Your Chronology will be like a table of contents for your life.
With that outline, you have a place to plug in your stories.
It helps you remember things and the sequence of things.
It helps you place events in perspective.
It’s simple to update at the end of every year.

As you start recording your chronology, stories will start coming to you that need to be recorded. You will have turned on the memory faucet!

Fun ways to get started writing things down:
Get together with friends or family members. Form a Writing Group. Cheer each other on. Share what you’re working on.
Write a Last Sermon/Last Lecture Series
(what would you say to your posterity if you only had 5 pages to say it?)
Complete description of yourself every 5 years or so
(Jacob Bushman near-sighted, Charlotte spoke fluent Spanish)
Letters to individual Children and/or Grandchildren

Find a box of old photos or an old scrap book. Pick out some interesting photographs that tell a story. Write about what is happening in these photos. If you have a living parent or older relative, you might want to ask them to do the same. Prepare a few photos on pages with lines below that you can give to them. Ask them to do this for their grandchildren, or their posterity. (Show example)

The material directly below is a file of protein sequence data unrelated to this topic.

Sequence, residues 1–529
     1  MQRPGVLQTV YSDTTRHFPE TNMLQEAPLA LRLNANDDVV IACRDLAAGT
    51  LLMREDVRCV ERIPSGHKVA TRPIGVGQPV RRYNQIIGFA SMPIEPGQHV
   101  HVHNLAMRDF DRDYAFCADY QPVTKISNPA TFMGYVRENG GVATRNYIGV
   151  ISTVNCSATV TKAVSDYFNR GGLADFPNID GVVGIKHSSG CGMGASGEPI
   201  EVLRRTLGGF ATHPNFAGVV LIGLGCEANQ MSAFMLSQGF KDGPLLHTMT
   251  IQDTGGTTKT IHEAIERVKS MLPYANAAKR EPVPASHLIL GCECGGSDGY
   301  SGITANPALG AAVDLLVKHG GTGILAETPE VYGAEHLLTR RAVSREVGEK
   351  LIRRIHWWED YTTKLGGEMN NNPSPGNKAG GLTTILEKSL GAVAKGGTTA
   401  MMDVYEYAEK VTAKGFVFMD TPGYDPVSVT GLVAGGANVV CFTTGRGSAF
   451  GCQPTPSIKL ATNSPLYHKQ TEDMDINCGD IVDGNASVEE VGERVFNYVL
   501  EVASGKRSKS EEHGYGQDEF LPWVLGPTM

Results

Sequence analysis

Another fun personal history activity starts with one little piece of your chronology:
Pick a place you lived.
After listing the places you’ve lived or visited, pick one of those places.
It could be home, a school, a farm or neighborhood, grandma’s house or maybe even a church building.
Use the back of your notebook to draw your floor plans and maps.
Walk through these places and find memories of things that happened there.

Donald Davis said:
Once in a while we go around a corner and see something, or smell something, or hear a piece of music that brings back a flood of memories. These times are evidences that those memories exist somewhere. Our senses are storing little pieces of information in our minds like in an unformatted hard disc–all the information falls into our minds randomly. Our memories are stored in invisible files. One of those files is Places that are meaningful to you. Places where you slept at night. Places you visited.